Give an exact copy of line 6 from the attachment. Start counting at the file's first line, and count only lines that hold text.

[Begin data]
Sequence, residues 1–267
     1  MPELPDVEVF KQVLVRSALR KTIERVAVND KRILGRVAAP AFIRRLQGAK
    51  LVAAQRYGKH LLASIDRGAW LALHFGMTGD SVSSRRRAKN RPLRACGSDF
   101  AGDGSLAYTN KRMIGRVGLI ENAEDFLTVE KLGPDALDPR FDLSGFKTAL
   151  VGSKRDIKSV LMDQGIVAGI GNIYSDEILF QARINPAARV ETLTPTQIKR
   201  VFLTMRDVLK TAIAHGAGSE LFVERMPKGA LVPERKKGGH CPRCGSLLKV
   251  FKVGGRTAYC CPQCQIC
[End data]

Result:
   201  VFLTMRDVLK TAIAHGAGSE LFVERMPKGA LVPERKKGGH CPRCGSLLKV